china's economy

Paying for China's investment-driven growth

China's approach to fixed-asset investment has been to build first and ask questions later. But there's now no avoiding the big question: where will the money come from?
Jiaozhou Bay's bridge to nowhere. Can China afford more such follies?

Fixed-asset investment has been a key driver of China’s economic growth and will remain so in 2013, but the government will find it increasingly hard to sustain its ambitious building projects.

Investment in fixed assets will grow by 19% in 2013, according to CLSA, a Hong Kong-based brokerage. Although that is a slowdown from the 22% rise in 2012, it is still a big increase. “Our worry is where the money comes from?” said Francis Cheung, head of China and Hong Kong strategy at the firm.

Bank lending is no longer an ideal option as investors tend to frown on banks issuing loans to questionable infrastructure projects. The bond market, which has in recent months become a popular source of funding for many companies in China, isn’t big enough to provide sufficient financing, Cheung added.

Borrowers have raised a total of Rmb3 trillion ($481 billion) in the bond market during 2012 — far short of the Rmb12 trillion that will be needed for infrastructure investment during 2013.

Moreover, the debts within China’s financial system are much higher than officially recognised. CLSA estimated China’s government debt-to-GDP ratio was about 65% in 2011, compared to the official statistic of 39%.

Although the government debt-to-GDP ratio is not at an alarming level and is much lower than most countries, China’s government debt-to-revenue ratio is high at 175%, similar to countries with higher debt levels such as the UK (179%) and France (185%).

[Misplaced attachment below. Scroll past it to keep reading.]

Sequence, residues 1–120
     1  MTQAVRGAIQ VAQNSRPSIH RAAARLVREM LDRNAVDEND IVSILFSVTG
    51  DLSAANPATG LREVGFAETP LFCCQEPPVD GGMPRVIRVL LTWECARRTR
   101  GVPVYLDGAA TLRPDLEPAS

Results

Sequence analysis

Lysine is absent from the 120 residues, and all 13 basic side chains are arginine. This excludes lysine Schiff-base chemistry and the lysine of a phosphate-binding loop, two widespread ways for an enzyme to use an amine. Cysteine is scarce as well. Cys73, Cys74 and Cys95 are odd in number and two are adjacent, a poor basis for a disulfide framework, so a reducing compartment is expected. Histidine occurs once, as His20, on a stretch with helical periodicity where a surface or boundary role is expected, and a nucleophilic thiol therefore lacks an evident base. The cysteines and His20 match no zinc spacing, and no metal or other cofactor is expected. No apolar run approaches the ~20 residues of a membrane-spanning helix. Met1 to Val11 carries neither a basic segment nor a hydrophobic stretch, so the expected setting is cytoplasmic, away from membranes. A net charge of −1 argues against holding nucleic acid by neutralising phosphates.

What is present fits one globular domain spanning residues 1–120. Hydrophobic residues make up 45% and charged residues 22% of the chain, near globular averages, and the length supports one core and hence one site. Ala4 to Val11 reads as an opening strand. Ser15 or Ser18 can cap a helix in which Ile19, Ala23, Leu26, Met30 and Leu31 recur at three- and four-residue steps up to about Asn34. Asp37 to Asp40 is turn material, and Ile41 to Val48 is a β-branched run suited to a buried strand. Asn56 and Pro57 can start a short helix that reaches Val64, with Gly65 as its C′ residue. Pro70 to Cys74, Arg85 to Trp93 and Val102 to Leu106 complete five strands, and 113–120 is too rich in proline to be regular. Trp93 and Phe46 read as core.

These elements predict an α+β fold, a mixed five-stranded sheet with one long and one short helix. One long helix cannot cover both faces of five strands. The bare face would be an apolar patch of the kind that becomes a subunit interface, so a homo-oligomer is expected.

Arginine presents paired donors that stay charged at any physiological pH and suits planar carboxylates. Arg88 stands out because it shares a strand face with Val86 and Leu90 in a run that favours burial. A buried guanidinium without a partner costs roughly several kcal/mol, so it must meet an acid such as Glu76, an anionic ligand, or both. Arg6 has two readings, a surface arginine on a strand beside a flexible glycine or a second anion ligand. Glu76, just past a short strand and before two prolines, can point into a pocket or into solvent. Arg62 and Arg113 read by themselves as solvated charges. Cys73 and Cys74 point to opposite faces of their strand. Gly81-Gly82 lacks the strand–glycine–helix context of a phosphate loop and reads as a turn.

A lack of funding for the massive construction projects is not necessarily a bad thing, because CLSA reckons China is over-invested by 10% of GDP, hence the growing concerns about overcapacity and building roads to nowhere.

Many of the new infrastructure projects are in less-developed central and western provinces, which are also less populated and will be slower to generate returns.

The most controversial project — the $1.6 billion Jiaozhou Bay bridge in east China’s Shandong province, which won the crown for the world’s longest bridge over water — is known as the bridge to nowhere because of the extremely light traffic on the bridge since it opened in 2011.

In another high-profile example, the Shanghai government spent $1.2 billion for a 30-kilometre magnetic levitation train in 2004, while one section of Beijing airport’s billion-dollar Terminal 3, which was opened before the games in 2008, closed after the athletes left.

Other observers suggest liquidity is the real problem. “China’s reserve ratio is still very high and there is lots of scope to reduce the reserve ratio,” said Adrian Foster, Asia-Pacific head of financial markets research at Rabobank.

Despite the lending frenzy in 2009, which increased bad loans at the banks, China’s overall bank lending has gone back to the 2004 to 2005 level, and is again rising along the old trend, according to Rabobank.

“Banks just need to write off the bad loans slowly,” said Foster. “From a long-term, macro perspective this is not going to be an issue.”

He noted that China has attracted a lot of foreign investment in the past and that it can’t be the most attractive investment destination forever. He forecasts that China will maintain 8% GDP growth in 2013, but added that it needs a lot of stimulus to make that happen.

¬ Haymarket Media Limited. All rights reserved.
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